Velocity Reviews

Velocity Reviews (http://www.velocityreviews.com/forums/index.php)
-   C++ (http://www.velocityreviews.com/forums/f39-c.html)
-   -   deleting the referent (http://www.velocityreviews.com/forums/t267907-deleting-the-referent.html)

Jeff Rosenfeld 07-01-2003 05:31 AM

deleting the referent
 
Hi. Is there anything to be wary of when delete-ing the object to which a
reference refers? Other than being certain that the reference won't be used
again? Notwithstanding the contrived example below, is this really a
horrible thing to do, to the extent that I should avoid creating the
reference in the first place? In my actual code, B::rr is just a convenience
used during the lifetime of B.

Thanks,
- Jeff.

class R;
class B {
R& rr;
public:
B(R& r) : rr(r) {};
~B() { delete &rr; do_other_stuff_in_B(this); };
};

int main(() {
R* pr = new R;
B b(*pr);
}



David White 07-01-2003 06:25 AM

Re: deleting the referent
 
Jeff Rosenfeld <spamophobe@comcast.net> wrote in message
news:UQydnTUYYNPYgJyiXTWJgQ@comcast.com...
> Hi. Is there anything to be wary of when delete-ing the object to which a
> reference refers? Other than being certain that the reference won't be

used
> again? Notwithstanding the contrived example below, is this really a
> horrible thing to do, to the extent that I should avoid creating the
> reference in the first place?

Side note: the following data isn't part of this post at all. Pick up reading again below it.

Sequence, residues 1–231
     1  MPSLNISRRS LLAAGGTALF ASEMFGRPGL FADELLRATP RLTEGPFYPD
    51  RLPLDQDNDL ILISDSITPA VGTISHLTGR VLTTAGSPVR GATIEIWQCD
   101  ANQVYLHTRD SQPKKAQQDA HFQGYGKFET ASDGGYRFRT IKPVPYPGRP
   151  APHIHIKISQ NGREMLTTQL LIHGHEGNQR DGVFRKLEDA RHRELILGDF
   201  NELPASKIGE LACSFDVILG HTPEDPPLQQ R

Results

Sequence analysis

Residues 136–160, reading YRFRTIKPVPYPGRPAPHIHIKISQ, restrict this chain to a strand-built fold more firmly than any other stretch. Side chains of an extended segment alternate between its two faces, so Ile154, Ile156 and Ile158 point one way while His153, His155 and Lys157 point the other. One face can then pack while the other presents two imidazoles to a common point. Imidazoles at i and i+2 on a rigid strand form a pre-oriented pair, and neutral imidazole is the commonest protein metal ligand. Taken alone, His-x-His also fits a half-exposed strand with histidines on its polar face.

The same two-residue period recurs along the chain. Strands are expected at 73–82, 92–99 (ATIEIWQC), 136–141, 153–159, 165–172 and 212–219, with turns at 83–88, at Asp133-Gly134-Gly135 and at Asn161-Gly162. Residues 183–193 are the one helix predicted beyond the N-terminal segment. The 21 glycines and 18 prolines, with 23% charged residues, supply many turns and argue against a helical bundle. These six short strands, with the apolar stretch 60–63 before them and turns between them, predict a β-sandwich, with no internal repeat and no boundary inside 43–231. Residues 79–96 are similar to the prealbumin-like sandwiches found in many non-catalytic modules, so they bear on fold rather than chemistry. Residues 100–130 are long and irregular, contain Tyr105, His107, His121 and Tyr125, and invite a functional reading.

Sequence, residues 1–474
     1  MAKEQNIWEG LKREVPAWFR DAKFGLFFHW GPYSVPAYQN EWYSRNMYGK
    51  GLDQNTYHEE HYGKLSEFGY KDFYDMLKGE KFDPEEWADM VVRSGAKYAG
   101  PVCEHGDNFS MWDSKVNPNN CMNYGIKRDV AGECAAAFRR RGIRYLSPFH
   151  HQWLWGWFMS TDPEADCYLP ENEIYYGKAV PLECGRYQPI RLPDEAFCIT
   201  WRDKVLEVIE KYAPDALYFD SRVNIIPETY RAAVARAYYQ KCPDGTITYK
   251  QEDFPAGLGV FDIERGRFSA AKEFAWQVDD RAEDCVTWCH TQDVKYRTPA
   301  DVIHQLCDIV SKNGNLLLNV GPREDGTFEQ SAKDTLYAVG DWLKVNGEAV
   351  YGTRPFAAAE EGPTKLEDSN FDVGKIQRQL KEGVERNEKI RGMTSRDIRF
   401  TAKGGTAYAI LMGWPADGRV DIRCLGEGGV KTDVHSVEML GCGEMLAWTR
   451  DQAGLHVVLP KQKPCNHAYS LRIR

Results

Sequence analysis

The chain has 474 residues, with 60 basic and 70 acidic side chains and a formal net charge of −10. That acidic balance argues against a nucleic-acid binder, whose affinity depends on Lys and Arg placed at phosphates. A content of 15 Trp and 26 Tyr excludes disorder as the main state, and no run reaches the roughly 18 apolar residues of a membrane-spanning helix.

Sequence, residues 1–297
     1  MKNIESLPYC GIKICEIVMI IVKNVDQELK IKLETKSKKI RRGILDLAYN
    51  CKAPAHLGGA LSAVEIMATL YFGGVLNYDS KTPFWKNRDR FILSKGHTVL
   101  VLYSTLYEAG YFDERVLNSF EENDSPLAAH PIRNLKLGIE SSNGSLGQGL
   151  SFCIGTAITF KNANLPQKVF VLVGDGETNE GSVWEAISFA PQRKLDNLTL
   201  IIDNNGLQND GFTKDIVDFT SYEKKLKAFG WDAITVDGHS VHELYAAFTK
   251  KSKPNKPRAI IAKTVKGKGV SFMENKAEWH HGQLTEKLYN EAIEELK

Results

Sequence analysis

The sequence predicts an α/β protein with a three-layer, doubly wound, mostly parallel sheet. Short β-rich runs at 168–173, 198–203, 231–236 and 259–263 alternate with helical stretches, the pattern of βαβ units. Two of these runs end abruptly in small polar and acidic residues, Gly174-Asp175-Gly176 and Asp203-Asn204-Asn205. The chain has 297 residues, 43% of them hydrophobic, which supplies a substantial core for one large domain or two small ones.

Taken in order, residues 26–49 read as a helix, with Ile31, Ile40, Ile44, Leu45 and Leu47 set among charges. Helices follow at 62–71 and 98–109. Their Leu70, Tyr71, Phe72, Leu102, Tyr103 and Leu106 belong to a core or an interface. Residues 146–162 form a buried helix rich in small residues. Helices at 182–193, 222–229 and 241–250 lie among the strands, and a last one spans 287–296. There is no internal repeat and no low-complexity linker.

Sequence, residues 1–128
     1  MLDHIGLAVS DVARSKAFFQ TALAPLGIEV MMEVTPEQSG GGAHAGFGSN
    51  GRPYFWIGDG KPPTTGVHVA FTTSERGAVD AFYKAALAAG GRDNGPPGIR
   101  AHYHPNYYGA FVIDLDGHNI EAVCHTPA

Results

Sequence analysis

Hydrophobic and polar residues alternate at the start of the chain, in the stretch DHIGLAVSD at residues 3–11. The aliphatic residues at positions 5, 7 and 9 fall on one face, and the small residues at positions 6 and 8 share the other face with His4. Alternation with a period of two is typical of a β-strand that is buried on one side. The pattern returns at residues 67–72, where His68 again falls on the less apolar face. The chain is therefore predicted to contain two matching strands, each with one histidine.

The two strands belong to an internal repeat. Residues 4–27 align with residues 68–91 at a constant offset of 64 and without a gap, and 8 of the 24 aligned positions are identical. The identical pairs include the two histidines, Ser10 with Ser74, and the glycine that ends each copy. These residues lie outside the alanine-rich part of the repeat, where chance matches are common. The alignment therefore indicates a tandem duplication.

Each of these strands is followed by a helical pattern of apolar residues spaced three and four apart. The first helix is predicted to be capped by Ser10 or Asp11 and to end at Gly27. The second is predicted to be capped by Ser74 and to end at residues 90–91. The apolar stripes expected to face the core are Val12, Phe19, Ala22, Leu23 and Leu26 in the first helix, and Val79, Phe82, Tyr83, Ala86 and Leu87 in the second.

It's not very common as far as I know. It does look a little strange, but I
don't think you can make a blanket statement about it.

I did manage to find some old code of mine that has such a reference:

CompositeGraphResource::CompositeGraphResource()
: GraphResource(GC_RES_NULL),
m_resourcePtrList(*new GraphResourcePtrList)
{
}

CompositeGraphResource::CompositeGraphResource(con st CompositeGraphResource
&r)
: GraphResource(r), m_resourcePtrList(*new
GraphResourcePtrList(r.m_resourcePtrList))
{
}

CompositeGraphResource::~CompositeGraphResource()
{
delete &m_resourcePtrList;
}

I don't remember why I did it. I guess it was just because I knew I would
never replace the referred-to object, and I must have thought that I'd
rather use . everywhere than ->. It beats me why I bothered using a
reference _or_ a pointer. Why not just make m_resourcePtrList a member
object? Anyway, for private use within a class like this I don't see a
problem.

I find that pointers look like things that might need deleting, but
references don't, so I guess I'd probably avoid it where it's not as local
as it was in my case. Maybe some people like using references for neatness
wherever possible and don't have any objection to it.

David




Peter Koch Larsen 07-01-2003 10:19 AM

Re: deleting the referent
 
"Jeff Rosenfeld" <spamophobe@comcast.net> wrote in message news:<UQydnTUYYNPYgJyiXTWJgQ@comcast.com>...
> Hi. Is there anything to be wary of when delete-ing the object to which a
> reference refers? Other than being certain that the reference won't be used
> again? Notwithstanding the contrived example below, is this really a
> horrible thing to do, to the extent that I should avoid creating the
> reference in the first place? In my actual code, B::rr is just a convenience
> used during the lifetime of B.
>
> Thanks,
> - Jeff.
>
> class R;
> class B {
> R& rr;
> public: